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Posts Tagged ‘Honolulu’

This is what happens when road safety programs prioritize the wrong things:

Two years ago, Honolulu made it illegal — with few exceptions — to cross the street while fiddling with your phone or other device.

It was the first major city in the nation to enact a so-called “distracted walking” law. And since it went into effect, police have issued 232 citations under the law.

But has it actually made roads safer for pedestrians? That’s up for debate. Pedestrian fatalities on Oahu roads actually soared last year and don’t appear to have significantly dropped off in 2019.

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distracted_walkingTo read the news lately, you’d think thousands of millenials are so distracted by their iPhones that they are walking off cliffs and stepping in front of trucks. Everywhere, there are PSA’s warning pedestrians to refrain from walking and texting. The Governors Highway Association blames Distracted Walking for the increasing pedestrian death toll. And now Honolulu’s city council has taken things a step further by passing a bill prohibiting pedestrians from texting while crossing the street.

But how serious of a problem is Distracted Walking? Are policymakers basing decisions on hard data, or anecdotes? The author of the Honolulu measure says he was motivated by stories told to him by some high schoolers.

The mass hysteria over Distracted Walking originated with a paper published by Jack Nasar (Ohio State University) and his student Derek Troyer. They argued that the increasing use of cell phones had caused a spike in pedestrian injuries. They were featured in major newspapers, such as the NY Times. Cell phones, it was reported, had caused over 1,000 serious injuries per year. And that was just the “tip of the iceberg” it was argued because many injuries don’t require hospitalization.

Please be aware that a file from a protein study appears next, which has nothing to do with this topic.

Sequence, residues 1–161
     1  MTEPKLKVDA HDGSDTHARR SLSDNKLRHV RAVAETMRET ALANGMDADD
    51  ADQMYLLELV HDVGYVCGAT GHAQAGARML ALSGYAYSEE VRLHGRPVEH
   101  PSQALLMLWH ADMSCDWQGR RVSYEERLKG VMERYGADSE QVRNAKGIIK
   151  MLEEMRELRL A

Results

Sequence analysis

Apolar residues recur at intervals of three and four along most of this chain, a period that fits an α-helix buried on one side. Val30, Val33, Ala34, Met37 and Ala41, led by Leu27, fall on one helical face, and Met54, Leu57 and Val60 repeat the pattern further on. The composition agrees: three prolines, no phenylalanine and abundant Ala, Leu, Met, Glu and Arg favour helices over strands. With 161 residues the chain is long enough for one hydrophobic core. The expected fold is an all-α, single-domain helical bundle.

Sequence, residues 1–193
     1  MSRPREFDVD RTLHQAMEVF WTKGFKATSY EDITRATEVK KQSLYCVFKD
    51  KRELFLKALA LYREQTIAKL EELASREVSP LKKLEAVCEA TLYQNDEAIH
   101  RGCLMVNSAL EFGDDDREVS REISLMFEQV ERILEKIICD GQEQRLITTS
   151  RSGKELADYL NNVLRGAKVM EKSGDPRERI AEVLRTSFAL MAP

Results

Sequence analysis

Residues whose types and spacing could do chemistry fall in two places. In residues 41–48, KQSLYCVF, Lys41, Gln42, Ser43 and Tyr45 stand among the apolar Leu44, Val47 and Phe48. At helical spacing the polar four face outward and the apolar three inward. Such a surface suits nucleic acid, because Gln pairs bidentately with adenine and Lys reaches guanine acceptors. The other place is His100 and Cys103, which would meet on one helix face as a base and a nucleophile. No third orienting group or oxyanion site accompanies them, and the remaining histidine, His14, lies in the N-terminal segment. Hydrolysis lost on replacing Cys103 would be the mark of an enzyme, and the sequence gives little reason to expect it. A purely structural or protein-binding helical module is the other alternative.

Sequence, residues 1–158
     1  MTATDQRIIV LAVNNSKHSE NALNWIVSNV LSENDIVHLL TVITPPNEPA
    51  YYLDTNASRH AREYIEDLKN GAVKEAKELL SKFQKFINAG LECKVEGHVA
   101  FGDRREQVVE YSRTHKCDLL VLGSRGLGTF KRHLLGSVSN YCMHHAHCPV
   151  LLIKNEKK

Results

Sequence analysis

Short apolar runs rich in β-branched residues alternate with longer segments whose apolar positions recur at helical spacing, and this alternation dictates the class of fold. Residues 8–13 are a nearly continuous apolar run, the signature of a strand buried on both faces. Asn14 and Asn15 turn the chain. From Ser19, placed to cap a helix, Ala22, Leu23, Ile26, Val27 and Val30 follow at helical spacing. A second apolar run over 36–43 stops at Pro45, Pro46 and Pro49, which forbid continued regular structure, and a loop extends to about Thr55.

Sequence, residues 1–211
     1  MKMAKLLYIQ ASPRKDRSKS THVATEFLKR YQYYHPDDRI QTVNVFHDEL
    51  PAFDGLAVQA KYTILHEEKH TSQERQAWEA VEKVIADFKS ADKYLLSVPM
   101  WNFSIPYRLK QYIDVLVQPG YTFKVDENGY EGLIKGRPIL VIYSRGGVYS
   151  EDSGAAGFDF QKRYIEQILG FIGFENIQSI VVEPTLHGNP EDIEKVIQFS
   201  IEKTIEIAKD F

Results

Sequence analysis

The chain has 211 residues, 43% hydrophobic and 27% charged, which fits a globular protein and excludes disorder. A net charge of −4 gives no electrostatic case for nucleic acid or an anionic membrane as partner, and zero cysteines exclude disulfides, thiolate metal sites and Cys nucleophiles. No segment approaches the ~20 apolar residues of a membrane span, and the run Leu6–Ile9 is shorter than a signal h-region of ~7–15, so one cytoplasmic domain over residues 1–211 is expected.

In absolute terms, those numbers may seem catastrophic. But in relative terms, they are insignificant. Just 3% of the pedestrian hospitalizations involved a cell phone. That is according to Nasar’s own numbers.

The 3% figure accounts for any kind of injury, not just ones involving motor vehicles. And the 3% figure covers use of a cell phone in any kind public space, not just sidewalks. The Honolulu law would only regulate use within an intersection, which makes up only a tiny fraction of that 3%. Even worse, Nasar reports most Distracted Walking accidents (70%) involved talking, not texting. The Honolulu measure would only cover texting (presumably, pedestrians could still talk with the same hands-free devices drivers use).

So the proposed law in Honolulu cannot possibly have any impact on the city’s pedestrian safety because there are so few cell-phone injuries to begin with. If anything, it could degrade pedestrian safety if it (ahem) distracts police from more important enforcement issues, like speeding and drunk driving

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